The US High Mobility Artillery Rocket System (HIMARS) has proved one of the standout weapons of the Ukraine conflict, delivering devastating precision fires on Russian positions, including munitions depots and command posts.
Australia is set to acquire HIMARS, maybe 20 launchers, though the government has yet to give the official go-ahead. With the growing desire for greater self-sufficiency, Australia may also seek to manufacture HIMARS missiles.
James Heading, Lockheed Martin Australia director of programs, strategic capabilities office for missiles and fire control, said there was active consideration around production of the missiles themselves, though not the launch vehicle.
“We are certainly trying to explore what Australian actually wants. Part of that resilience in the supply chain obviously goes straight to energetics,” he told reporters at the 2022 Land Forces Conference in Brisbane.
“The hardest thing to ship in any conflict are the energetics. We want to look at the rocket motors and the warheads. We already have the teaming agreement with Lockheed Martin and Thales.”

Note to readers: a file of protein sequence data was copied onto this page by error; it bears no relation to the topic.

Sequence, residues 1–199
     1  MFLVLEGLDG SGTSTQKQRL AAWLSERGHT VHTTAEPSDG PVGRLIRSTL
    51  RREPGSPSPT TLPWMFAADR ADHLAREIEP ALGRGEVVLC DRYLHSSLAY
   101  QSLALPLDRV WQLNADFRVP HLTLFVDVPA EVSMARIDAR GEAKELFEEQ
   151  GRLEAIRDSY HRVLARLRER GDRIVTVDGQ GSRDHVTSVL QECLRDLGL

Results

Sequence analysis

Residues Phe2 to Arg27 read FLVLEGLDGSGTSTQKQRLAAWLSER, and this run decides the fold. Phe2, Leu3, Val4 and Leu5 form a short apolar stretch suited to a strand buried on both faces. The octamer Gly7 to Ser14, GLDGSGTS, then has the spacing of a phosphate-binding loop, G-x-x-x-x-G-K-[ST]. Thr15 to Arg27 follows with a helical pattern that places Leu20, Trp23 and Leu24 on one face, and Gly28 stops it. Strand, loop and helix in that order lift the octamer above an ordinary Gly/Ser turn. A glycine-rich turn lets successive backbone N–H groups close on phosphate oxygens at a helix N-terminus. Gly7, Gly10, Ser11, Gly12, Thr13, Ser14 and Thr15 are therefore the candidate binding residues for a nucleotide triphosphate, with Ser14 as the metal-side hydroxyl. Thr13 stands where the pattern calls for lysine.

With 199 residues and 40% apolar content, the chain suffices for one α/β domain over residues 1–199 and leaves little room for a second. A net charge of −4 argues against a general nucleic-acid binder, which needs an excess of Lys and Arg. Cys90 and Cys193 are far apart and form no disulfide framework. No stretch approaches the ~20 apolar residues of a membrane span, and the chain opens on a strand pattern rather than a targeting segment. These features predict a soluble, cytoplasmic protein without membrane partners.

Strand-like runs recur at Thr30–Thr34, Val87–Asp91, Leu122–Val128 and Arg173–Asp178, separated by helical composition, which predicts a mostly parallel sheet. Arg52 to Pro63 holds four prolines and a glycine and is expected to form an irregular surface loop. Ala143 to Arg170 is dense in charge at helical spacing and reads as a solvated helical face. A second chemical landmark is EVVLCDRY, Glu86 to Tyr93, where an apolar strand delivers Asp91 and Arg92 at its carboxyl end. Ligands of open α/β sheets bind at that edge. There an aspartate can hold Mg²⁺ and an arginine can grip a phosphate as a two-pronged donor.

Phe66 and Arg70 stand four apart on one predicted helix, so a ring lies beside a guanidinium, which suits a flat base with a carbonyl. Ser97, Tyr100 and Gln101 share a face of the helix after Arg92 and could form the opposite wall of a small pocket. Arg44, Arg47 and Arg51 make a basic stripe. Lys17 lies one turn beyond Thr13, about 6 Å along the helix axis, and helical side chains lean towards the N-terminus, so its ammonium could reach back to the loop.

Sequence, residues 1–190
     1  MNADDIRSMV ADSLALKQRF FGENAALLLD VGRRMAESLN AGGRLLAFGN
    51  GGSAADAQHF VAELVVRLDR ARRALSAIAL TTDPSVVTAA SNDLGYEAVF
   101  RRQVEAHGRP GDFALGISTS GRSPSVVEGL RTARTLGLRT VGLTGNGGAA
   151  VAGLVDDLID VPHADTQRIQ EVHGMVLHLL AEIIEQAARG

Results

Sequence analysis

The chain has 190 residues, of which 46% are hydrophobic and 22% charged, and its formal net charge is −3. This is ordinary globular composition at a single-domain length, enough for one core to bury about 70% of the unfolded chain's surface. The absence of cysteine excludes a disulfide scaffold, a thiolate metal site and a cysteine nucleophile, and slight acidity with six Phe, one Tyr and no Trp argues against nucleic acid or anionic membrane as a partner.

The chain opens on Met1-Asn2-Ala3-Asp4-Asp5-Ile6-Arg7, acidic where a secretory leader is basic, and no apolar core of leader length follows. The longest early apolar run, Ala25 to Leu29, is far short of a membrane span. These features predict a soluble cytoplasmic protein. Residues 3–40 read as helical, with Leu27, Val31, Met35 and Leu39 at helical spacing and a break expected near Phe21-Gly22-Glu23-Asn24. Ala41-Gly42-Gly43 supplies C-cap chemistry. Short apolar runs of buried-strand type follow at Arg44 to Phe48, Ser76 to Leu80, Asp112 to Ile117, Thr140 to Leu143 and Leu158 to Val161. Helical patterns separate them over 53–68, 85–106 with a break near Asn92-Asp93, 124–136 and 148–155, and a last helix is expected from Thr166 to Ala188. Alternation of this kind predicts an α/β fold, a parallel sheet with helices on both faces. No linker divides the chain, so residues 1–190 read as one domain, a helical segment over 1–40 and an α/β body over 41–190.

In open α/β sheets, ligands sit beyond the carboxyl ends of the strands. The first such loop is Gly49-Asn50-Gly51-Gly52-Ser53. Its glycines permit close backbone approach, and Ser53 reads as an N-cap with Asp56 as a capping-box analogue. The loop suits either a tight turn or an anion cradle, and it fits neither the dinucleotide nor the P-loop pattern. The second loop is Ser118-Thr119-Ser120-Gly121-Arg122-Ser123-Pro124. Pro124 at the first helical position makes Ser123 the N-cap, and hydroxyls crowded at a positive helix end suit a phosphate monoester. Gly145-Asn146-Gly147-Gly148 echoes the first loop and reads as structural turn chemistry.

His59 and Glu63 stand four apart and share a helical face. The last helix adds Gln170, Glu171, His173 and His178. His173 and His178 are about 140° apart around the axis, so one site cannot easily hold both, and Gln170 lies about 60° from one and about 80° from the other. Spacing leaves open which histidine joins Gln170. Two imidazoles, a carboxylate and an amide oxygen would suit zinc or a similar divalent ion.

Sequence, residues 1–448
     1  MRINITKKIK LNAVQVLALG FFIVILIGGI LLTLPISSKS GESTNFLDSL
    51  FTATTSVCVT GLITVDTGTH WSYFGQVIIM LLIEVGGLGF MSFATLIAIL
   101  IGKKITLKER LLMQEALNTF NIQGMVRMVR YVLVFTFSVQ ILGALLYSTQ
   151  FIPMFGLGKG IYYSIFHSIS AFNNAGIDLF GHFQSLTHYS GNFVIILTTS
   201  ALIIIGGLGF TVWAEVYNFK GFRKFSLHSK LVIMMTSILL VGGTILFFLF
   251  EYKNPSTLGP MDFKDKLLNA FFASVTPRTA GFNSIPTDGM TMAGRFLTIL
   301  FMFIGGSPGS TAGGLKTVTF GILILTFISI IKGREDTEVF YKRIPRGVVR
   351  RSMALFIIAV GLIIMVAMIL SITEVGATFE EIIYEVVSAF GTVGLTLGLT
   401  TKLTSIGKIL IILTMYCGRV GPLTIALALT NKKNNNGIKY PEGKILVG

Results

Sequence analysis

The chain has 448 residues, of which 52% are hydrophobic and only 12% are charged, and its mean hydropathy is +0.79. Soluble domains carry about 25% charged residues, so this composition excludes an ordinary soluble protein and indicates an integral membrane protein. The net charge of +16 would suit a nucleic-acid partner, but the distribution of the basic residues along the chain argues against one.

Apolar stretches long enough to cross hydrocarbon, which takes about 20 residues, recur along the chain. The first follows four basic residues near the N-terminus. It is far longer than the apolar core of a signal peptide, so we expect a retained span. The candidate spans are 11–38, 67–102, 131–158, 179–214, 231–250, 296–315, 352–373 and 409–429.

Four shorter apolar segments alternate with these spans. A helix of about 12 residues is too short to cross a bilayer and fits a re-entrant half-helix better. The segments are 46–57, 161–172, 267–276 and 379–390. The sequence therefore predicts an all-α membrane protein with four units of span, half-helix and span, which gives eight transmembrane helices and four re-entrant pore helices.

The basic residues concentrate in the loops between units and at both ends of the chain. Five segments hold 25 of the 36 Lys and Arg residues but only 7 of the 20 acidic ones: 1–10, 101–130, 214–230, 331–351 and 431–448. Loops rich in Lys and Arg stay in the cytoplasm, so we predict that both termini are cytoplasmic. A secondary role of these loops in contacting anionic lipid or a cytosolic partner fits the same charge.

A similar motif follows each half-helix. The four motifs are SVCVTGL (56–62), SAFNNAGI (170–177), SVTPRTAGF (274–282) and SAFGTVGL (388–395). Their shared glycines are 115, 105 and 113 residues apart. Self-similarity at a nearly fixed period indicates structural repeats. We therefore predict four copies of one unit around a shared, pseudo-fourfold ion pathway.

Heading said work was already under way on the rocket booster for the LRASM long range anti-ship missile.
“It’s all well and good to talk about rocket motors but what about the casings and the fins and the body and all sort of things. We are exploring to see what the capabilities and capacities are here in Australia.”
Heading said Australia was more than capable of producing the critical guidance system but that would depend on what technology the US government would allow to be released.
Early in the program, the Australian military discussed placing the rocket launcher aboard an in-service Australian vehicle rather than a US FMTV truck.
For reasons of cost, delivery time and integration risk, it was decided to stick with the US vehicle.
HIMARS is a wheeled vehicle with capability to carry and launch six GMLRS missiles, each with a range of 70 kilometres, or two PRSM missiles with a range of up to 499 kilometres or a single ATACMS missile with a range of 300 kilometres.